Mike Carey: [laughs] I was certainly worried about the fact that we were pitching into a marketplace that already included Fables, which was, at that point, the most successful Vertigo book by a long way. And from a certain perspective, Unwritten seems to be a very similar sort of animal. So that troubled me a bit. But I think, from the first, we were able to make it clear we were going in a different direction with the whole reality/story interface.

Peter Gross: I wasn't too worried about it. I think because we knew going in that what it seemed like at the beginning was not what it was really about. So for me, it was just kind of a fun ploy to present it that way. Although, we were concerned that it was interesting and original enough, but for us… When you asked the question, I pictured us putting all the Vertigo cliches on pieces of paper and pulling them out one at a time – which might not be a bad idea, actually – but it was such a unique thing for us, it was always really going to be about exploring why we wanted to make stories.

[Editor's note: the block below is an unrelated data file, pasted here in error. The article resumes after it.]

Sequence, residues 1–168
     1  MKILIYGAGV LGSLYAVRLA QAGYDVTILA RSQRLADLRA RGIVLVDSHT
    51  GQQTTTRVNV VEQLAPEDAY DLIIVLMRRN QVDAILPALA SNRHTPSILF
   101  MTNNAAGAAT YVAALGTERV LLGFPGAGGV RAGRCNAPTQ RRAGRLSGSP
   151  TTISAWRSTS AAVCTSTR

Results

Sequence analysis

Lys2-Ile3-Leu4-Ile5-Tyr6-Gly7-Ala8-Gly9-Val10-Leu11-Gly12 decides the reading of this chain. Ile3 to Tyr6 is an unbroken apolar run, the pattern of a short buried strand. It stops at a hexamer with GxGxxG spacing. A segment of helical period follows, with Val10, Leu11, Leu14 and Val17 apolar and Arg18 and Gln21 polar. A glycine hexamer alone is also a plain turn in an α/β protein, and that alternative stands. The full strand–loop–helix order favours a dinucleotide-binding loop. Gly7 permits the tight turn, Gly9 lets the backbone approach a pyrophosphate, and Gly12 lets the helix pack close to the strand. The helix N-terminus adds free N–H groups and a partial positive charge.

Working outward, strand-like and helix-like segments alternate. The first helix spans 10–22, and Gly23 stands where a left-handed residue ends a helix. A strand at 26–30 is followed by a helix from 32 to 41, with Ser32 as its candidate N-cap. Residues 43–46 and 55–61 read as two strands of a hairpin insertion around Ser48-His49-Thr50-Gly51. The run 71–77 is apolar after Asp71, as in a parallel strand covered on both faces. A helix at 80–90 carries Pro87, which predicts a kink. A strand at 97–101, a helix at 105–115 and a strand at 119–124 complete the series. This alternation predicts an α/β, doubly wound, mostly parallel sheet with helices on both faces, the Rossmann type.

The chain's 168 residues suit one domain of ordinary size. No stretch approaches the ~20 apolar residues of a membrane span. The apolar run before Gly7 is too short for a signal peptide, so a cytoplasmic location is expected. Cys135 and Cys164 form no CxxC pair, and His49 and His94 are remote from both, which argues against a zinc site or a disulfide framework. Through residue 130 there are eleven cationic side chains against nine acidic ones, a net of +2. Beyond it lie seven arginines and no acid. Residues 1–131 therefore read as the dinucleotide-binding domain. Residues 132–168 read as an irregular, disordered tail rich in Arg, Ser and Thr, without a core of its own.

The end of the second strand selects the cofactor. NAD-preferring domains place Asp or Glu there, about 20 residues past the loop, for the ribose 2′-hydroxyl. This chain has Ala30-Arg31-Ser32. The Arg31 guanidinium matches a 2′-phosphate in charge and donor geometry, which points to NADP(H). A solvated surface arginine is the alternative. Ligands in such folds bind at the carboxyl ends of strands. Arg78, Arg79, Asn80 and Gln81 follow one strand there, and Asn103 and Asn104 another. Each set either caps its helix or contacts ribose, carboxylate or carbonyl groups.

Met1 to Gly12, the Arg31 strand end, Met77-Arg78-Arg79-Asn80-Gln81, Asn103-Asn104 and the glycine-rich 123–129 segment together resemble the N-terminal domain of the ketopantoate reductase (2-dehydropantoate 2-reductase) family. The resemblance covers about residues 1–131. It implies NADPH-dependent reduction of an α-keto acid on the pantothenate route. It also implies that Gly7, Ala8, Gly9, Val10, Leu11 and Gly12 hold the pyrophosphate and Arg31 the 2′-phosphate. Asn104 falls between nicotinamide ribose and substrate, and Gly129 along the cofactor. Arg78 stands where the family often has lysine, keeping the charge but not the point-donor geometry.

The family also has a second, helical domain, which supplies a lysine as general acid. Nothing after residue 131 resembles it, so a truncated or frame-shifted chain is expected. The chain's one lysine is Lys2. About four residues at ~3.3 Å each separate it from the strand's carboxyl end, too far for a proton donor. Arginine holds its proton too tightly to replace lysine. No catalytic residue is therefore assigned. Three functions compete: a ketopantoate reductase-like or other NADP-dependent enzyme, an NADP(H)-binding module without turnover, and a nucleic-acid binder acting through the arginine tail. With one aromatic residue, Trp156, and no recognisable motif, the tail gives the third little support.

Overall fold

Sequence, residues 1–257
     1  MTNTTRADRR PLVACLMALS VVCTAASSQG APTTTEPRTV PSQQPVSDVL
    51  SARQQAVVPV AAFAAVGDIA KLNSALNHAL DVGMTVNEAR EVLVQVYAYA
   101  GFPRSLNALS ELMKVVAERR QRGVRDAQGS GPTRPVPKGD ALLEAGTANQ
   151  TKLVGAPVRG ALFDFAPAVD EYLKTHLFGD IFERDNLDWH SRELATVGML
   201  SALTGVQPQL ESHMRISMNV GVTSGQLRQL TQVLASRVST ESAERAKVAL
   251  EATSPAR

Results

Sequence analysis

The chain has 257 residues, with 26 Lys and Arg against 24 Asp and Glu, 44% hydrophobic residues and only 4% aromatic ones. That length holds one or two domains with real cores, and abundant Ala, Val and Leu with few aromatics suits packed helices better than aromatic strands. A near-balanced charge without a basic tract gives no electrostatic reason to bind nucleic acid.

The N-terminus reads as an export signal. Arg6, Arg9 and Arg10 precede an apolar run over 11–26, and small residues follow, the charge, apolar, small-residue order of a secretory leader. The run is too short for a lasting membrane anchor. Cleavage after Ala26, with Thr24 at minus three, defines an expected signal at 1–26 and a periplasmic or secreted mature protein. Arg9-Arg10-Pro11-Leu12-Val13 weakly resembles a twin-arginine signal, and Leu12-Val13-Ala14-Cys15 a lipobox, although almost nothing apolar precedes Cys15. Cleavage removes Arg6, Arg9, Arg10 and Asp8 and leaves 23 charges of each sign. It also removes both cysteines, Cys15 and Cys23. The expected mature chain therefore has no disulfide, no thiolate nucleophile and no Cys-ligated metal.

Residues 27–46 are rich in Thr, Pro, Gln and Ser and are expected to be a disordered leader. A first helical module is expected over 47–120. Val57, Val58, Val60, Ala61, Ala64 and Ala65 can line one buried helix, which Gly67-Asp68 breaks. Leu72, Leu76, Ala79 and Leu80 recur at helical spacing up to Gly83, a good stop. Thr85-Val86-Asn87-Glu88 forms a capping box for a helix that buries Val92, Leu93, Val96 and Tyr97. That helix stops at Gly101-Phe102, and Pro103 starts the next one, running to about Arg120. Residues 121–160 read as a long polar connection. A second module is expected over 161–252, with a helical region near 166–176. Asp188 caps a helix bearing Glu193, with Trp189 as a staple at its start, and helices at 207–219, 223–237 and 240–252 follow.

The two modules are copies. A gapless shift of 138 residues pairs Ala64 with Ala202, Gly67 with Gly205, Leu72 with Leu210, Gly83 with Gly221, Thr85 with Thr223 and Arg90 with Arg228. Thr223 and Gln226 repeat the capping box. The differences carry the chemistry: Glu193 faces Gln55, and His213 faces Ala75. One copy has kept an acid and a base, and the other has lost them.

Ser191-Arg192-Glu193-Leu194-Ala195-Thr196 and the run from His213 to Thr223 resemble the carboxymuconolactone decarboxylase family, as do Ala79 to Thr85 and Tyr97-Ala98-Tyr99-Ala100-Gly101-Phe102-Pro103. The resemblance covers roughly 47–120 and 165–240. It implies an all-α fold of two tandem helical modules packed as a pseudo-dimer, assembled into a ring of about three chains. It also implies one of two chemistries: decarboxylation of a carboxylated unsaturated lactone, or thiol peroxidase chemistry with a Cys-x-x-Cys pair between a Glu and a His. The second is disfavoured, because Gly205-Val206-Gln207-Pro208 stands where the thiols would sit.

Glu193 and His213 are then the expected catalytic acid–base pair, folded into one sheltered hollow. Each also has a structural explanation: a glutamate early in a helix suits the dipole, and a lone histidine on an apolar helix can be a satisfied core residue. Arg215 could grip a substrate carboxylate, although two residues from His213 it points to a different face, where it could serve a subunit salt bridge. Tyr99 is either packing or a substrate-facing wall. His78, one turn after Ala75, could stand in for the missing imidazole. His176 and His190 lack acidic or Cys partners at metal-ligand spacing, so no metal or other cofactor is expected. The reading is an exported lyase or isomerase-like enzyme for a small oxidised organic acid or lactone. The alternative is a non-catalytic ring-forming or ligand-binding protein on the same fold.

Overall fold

CA: I've always been fascinated with the concept of "writing it sideways", which is something pop songwriters in the '60s used to talk about – taking a tune that was already a hit, looking at it from a different angle, and switching up elements bit by bit until you had something new. And The Unwritten is, at least as a reader, a really excellent example of that style of starting with the familiar and ending up somewhere entirely different…

PG: It's funny, because all we knew when we plotted out the story was that there was a father who wrote a really famous book about this kid, and we didn't ever talk about what the book was, initially.

And it wasn't originally going to be a Harry Potter/Tim Hunter analogue, but then when we started talking about "what kind of book is it?", we quickly came around to that. Partly, I think, because I had drawn Books Of Magic, and we realized we could get away with using a boy wizard, and then knowing that people understood the phenomenon and fame of Harry Potter. I think everyone assumes we went into it with the Harry Potter hook, but we really didn't at all.